Monday, August 9, 2010

The unity of Scripture

Many years ago, as a young Christian, someone explained the two testaments to me this way : the NT is contained in the OT and the OT is explained in the NT.
This made a lot of sense to me back then and 
to this day still does. The bible is two covenants or testaments with one overarching message of God's plan to redeem creation through the death and resurrection of Jesus. These testaments do not contradict each other and are therefore reliable for our spiritual growth.

For example, in reading through Acts, I noticed one of many examples where the OT contains a clear reference to the resurrection of Jesus. In Acts 2:25–31 Peter quoted Ps. 16:8–11 as a text pointing to the resurrection of Jesus, noting that David spoke of God not abandoning him to death. He then reasoned that, because David died, the psalm must have been speaking about one of his descendants. Since Jesus is the only one who conquered death and is a descendant of David, he must be the promised Messiah whom David foresaw.

Praise God for the unity and reliability of Scripture. Can you think of other examples where the message of the Old and New Testament show unity of thought?

Voice of an angel

If you love good singing, then sit back and enjoy the singing of this little girl and her father.

Christopher Hitchens, cancer, his views on God and prayer

This is a very moving interview between Christopher Hitchens and Andersen Cooper. Here he talks about his cancer and how he deals with the reality of dying as one who does not believe in God or the power of prayer. Despite his obvious resistance to following Christ, please pray that God in his mercy would save him. How do you pray for someone who does not believe in the power of prayer?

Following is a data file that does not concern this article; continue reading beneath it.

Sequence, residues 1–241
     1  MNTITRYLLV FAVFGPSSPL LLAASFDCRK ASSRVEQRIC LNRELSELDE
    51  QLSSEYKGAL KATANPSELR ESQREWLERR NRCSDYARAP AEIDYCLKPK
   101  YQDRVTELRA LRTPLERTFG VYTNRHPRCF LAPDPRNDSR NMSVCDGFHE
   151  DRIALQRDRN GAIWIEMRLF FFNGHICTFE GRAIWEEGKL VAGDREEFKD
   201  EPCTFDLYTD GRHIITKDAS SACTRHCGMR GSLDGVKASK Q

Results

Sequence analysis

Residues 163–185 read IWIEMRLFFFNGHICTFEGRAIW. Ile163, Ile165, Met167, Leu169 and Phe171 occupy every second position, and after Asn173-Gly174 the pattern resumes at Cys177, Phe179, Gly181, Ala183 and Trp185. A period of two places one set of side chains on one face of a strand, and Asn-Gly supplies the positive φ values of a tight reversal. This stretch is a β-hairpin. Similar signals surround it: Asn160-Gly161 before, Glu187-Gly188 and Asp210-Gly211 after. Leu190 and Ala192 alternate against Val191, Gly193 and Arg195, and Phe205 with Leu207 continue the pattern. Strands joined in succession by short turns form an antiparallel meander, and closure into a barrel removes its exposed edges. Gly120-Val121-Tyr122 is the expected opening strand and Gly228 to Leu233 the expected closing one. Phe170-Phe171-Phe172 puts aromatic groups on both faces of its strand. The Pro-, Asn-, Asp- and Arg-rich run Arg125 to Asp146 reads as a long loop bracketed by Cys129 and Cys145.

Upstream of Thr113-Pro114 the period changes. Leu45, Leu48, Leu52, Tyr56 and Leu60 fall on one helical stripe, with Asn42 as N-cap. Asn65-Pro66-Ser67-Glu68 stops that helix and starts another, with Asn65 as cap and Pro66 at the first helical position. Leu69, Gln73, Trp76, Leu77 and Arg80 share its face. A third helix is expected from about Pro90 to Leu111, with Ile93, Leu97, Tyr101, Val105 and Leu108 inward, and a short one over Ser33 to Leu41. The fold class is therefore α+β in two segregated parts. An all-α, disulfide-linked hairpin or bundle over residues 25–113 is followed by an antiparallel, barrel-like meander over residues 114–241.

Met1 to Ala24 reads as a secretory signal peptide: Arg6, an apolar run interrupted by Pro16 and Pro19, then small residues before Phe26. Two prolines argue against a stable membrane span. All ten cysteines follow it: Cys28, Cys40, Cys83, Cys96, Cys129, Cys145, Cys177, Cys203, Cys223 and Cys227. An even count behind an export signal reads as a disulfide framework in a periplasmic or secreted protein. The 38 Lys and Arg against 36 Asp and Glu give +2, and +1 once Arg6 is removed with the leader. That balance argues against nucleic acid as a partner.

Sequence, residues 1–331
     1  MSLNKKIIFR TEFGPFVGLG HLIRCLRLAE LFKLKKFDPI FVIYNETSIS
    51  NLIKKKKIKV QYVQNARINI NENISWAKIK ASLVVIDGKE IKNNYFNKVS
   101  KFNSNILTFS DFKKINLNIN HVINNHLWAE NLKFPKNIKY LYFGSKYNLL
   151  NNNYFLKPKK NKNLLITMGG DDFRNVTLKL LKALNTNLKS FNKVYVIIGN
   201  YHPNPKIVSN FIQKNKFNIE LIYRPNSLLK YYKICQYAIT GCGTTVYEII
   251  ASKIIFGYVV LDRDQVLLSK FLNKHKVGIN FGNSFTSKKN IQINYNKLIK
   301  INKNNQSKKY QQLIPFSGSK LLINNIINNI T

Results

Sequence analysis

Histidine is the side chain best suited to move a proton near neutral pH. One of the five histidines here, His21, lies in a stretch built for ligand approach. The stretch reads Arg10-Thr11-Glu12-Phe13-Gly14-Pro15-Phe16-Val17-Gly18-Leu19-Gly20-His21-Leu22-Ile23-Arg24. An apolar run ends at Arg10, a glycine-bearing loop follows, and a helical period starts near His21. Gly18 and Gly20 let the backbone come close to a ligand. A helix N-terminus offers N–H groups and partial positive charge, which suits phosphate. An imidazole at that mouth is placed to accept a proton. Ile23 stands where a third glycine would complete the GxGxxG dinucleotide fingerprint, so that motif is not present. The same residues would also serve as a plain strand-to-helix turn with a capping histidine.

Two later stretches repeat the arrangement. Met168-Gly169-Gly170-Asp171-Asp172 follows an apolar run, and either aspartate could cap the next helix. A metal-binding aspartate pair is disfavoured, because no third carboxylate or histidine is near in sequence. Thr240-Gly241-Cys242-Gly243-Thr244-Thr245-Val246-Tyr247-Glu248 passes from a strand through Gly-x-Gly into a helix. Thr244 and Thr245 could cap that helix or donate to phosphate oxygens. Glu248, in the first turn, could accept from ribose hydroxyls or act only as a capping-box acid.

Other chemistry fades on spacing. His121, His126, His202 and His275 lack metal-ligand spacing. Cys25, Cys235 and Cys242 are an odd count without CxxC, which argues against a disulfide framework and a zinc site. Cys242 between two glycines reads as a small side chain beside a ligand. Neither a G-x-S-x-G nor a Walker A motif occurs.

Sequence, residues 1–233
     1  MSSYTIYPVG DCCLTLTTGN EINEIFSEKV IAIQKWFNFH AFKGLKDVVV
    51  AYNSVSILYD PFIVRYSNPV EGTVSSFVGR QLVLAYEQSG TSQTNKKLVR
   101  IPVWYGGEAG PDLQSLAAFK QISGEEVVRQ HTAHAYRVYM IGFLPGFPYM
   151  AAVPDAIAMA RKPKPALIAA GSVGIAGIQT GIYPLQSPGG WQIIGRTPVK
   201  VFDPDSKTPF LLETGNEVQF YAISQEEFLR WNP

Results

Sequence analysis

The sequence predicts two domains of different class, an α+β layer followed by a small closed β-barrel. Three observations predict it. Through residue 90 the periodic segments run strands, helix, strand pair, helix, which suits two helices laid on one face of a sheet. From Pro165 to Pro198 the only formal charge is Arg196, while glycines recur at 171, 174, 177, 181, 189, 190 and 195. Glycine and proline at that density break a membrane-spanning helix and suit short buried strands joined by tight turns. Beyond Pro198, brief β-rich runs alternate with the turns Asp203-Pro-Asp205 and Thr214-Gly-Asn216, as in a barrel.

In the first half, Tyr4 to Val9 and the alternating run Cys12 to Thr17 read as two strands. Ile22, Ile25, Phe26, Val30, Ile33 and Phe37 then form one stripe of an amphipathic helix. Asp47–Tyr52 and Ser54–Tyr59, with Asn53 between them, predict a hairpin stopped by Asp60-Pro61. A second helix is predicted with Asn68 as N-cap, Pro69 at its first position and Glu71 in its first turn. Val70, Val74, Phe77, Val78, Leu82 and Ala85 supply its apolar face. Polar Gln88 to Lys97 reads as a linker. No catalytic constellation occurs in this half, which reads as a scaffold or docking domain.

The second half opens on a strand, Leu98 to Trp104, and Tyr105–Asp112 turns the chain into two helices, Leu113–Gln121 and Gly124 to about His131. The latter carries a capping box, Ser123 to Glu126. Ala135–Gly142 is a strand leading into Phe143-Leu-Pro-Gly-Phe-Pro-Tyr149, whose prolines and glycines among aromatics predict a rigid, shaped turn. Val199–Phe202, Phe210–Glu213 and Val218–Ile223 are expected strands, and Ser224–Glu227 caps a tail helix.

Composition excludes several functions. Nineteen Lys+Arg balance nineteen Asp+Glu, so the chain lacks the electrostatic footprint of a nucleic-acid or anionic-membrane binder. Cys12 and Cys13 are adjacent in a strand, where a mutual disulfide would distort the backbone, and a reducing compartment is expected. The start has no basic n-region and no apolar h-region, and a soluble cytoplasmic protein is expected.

Friday, August 6, 2010

What is the Gospel?

I am reading a very concise, well written book by Pastor Greg Gilbert, What is the Gospel? 
In order to understand the gospel, Gilbert believes, we must not confuse sin with sins.

"There is a huge difference between understanding yourself to be guilty of sins, and knowing yourself to be guilty of sin. Most people have no problem at all admitting that they've committed sins (plural), at least so long as they can think about those sins as isolated little mistakes in an otherwise pretty good life--a parking ticket here or there on an otherwise clean record.
He illustrates this point with the following story:
On the second floor of the National Museum of Natural History in Washington, there is what is said to be the largest, flawless quartz in the entire world. The sphere is a little bigger that a basketball, and there is not a single visible scratch, pockmark, or discoloration on the entire thing. It is perfect. People often think human nature is like that quartz sphere. Yes, every now and then we may smear it up with dirt and mud but underneath the grime it remains as pristine as ever, and all we really need to do is wipe it clean in order to restore its brilliance. 

The Bible's picture of human nature, though, is not so pretty. According to Scripture, the sphere of human nature is not pristine at all, and the mud is not just smeared on the outside. On the contrary, we are shot through with sin. The cracks, mud, filth, and corruption go all the way to the center. Romans 8:7 bears this out: The mind that is set on on the flesh is hostile to God, for it does not submit to God's law; indeed, it cannot. It's not enough to say that Jesus came to save us from sins, if what mean by that is that he came to save us from isolated mistakes. It's only when we realize that our very nature is sinful--that we are indeed dead in our trespasses and sins, as Paul says (Ephesians 2: 1, 5)--that we see just how good the news is that there is a way to be saved."

Pick up a copy and refresh your mind on this very important subject.